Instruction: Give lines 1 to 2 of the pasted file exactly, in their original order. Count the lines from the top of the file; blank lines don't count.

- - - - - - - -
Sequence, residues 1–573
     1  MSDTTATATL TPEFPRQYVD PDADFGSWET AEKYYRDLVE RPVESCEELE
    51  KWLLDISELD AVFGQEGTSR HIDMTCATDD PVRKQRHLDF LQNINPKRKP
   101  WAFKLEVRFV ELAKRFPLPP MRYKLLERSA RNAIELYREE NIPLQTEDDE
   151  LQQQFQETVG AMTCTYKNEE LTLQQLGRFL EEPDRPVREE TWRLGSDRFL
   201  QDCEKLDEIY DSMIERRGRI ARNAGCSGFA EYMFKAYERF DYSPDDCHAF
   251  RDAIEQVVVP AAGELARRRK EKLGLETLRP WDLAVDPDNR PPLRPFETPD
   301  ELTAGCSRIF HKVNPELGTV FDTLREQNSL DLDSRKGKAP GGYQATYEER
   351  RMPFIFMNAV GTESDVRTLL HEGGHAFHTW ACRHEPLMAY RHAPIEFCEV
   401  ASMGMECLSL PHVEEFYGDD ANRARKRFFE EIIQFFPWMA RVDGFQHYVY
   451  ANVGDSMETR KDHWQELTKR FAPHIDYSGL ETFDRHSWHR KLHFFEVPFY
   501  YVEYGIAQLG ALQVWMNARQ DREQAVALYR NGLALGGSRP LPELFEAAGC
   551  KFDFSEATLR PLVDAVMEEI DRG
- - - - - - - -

Sequence, residues 1–573
     1  MSDTTATATL TPEFPRQYVD PDADFGSWET AEKYYRDLVE RPVESCEELE